In terms of EWT capability and a comparison with FPSOs, specifically for the Gulf of Mexico, Chris Oynes, Regional Director for the Minerals Management Service (MMS) said the regulatory body is considering moderate storage on drillships. "But, there is a production limit to a drillship," he added, but declined to clarify the volume.
DNV offers the only EWT classification in the industry. ABS has been getting involved by assisting several companies in making the vessels compliant if they do install the capabilities.
"We are looking at the design of the vessel in terms of its location and cargo to make sure that those systems would be in compliance with what we would expect for an FPSO," explains Ken Richardson, ABS Vice President. "We are not working for a formal certification at this point. It is a description. We have not been asked for it yet."
Bret Montaruli, ABS Chief Engineer, Engineering Services added that the vessel is a mobile offshore drilling unit (MODU) and will remain classed as a MODU. "We are looking at the safety impact of that equipment on the rest of the drillship."
"We are doing some work with R&B Falcon and Global Marine on their newbuilds to help streamline the conversion possibilities in the future," said Todd Grove, ABS Manager of Offshore Engineering.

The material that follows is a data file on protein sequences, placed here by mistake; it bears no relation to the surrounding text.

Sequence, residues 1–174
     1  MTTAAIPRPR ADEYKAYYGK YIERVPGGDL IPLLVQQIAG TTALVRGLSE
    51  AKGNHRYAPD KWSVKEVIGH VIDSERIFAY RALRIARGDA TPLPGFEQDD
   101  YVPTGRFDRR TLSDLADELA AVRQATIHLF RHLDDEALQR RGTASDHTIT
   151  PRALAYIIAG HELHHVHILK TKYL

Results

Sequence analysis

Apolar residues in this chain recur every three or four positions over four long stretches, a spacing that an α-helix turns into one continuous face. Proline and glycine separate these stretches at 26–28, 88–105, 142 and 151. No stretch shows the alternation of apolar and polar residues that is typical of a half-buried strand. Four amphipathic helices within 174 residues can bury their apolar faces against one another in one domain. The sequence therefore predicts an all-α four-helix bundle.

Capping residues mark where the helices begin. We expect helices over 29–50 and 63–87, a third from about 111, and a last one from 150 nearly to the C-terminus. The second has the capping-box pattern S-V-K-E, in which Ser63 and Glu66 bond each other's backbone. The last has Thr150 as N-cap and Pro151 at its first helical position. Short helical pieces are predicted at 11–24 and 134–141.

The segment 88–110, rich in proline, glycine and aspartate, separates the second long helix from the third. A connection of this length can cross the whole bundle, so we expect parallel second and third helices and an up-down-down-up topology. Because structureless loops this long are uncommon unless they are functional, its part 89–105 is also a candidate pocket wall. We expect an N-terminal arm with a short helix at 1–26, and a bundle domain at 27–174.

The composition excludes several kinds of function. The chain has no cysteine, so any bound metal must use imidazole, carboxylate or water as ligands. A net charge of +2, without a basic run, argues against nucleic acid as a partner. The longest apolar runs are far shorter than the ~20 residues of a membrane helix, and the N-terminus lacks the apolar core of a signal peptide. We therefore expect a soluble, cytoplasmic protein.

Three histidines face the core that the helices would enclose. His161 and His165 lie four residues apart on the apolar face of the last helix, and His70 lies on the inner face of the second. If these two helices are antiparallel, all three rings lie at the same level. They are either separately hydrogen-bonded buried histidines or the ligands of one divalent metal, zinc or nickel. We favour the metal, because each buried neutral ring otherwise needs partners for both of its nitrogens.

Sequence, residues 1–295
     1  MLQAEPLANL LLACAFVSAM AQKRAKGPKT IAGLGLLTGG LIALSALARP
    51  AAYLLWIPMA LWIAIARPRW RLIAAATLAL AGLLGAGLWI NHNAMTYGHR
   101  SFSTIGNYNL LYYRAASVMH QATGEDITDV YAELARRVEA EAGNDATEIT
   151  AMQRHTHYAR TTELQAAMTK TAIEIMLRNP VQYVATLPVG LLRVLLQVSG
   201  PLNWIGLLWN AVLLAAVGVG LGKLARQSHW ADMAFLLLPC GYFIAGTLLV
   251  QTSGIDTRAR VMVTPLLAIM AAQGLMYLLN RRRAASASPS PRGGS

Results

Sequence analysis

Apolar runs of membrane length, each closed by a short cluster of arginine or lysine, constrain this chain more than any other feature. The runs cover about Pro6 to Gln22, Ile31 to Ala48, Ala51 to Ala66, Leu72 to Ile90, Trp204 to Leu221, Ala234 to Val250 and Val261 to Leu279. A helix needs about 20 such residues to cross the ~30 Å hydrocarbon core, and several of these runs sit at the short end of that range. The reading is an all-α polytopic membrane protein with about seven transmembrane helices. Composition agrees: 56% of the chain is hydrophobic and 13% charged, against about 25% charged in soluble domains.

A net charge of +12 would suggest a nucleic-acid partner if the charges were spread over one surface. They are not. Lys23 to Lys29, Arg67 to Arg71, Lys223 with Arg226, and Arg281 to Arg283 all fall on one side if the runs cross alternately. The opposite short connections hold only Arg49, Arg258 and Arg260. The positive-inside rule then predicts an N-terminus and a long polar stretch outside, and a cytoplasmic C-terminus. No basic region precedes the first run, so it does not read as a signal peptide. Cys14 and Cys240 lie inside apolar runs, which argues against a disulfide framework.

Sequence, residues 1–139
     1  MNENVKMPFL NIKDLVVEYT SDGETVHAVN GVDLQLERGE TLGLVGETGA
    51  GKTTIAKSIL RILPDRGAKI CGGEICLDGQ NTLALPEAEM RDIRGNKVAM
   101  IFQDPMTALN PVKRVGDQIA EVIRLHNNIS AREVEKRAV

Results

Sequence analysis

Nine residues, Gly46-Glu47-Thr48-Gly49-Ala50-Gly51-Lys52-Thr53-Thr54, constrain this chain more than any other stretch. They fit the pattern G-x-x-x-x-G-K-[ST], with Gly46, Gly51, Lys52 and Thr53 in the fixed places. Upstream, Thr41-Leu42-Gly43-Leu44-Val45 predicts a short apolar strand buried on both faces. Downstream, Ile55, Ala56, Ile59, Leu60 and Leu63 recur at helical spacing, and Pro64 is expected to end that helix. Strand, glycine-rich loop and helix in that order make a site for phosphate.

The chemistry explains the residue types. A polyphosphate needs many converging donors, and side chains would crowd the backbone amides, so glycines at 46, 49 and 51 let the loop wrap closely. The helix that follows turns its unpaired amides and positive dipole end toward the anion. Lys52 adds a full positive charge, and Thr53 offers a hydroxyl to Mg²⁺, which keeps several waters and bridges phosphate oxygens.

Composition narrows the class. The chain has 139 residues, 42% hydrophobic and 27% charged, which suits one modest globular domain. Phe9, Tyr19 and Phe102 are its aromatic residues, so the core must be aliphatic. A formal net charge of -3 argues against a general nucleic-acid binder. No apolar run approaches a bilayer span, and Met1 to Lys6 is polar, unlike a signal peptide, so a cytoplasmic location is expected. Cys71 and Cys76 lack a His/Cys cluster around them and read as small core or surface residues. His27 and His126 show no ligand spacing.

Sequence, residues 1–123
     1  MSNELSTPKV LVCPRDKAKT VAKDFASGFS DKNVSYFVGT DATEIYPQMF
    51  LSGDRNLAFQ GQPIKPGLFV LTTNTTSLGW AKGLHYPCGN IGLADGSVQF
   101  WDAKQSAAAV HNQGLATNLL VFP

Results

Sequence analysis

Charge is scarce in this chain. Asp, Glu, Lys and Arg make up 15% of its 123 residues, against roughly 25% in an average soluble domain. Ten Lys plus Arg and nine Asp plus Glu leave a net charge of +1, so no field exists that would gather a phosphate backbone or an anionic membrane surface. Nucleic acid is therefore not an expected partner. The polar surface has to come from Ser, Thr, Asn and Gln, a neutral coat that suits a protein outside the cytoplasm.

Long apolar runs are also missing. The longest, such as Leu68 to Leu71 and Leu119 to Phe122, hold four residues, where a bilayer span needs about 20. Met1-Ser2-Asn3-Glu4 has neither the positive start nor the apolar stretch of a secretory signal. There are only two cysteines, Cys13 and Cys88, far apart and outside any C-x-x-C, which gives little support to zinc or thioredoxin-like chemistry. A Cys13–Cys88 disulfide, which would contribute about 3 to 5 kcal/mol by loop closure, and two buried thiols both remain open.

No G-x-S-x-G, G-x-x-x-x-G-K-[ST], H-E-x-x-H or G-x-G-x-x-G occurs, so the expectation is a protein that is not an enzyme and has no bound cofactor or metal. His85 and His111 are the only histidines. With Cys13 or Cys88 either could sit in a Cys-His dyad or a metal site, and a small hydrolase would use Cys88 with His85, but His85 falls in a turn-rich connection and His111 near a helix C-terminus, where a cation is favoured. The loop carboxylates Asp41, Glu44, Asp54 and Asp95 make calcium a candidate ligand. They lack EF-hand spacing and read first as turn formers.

"In addition to our present scope of classification on these vessels, we are looking at getting them prepared for doing this in the future. What they have asked us to do is review the expected configuration according to our Guide for Building and Classing Floating Production, Storage, and Offloading Systems" and let them know where they do, and do not, comply. It is more of an advisory than a formal notation because the vessel is not presently set up to operate in that manner. Everyone is keeping their options open to provide maximum flexibility."
What does the future hold for these vessels? If needed, the vessels could be converted to full FPSOs and could provide fierce competition by offering an all-in-one solution for an operator's deepwater needs.
But, Joe Key, Vice President of Engineering Development for TDI-Halter's production division, disagrees. "The industry had similar arguments 30 years ago - do you have a derrick barge, or pipelay barge, or a combination barge? The industry pretty well proved that if there's enough workload in a particular geographic area, it is better to have two units working full time doing what they are best at, instead of having a combination unit where half of the equipment is not working half of the time. I think that is somewhat true of tanker-based FPSOs that have drilling capabilities, or vice versa."
"There has been an increasing request from oil companies to have longer EWT to prove the reservoir before they put in whatever facilities," ABS' Sharples pointed out. "I think FPSOs will be absolutely necessary for the long-term because there will be no other reasonable way to produce these fields, particularly in deepwater areas where the pipeline infrastructure is not there."
In the meantime, drilling-production vessels will operate as normal drillships and have a great deal of unused capacity. But, when the time is right, they will have the ability to convert or upgrade to their full potential. At this time, such a function does not appear to be necessary. These new drillships are built for the future, and when the production capability is implemented, industry will have met another goal of increasing efficiency offshore.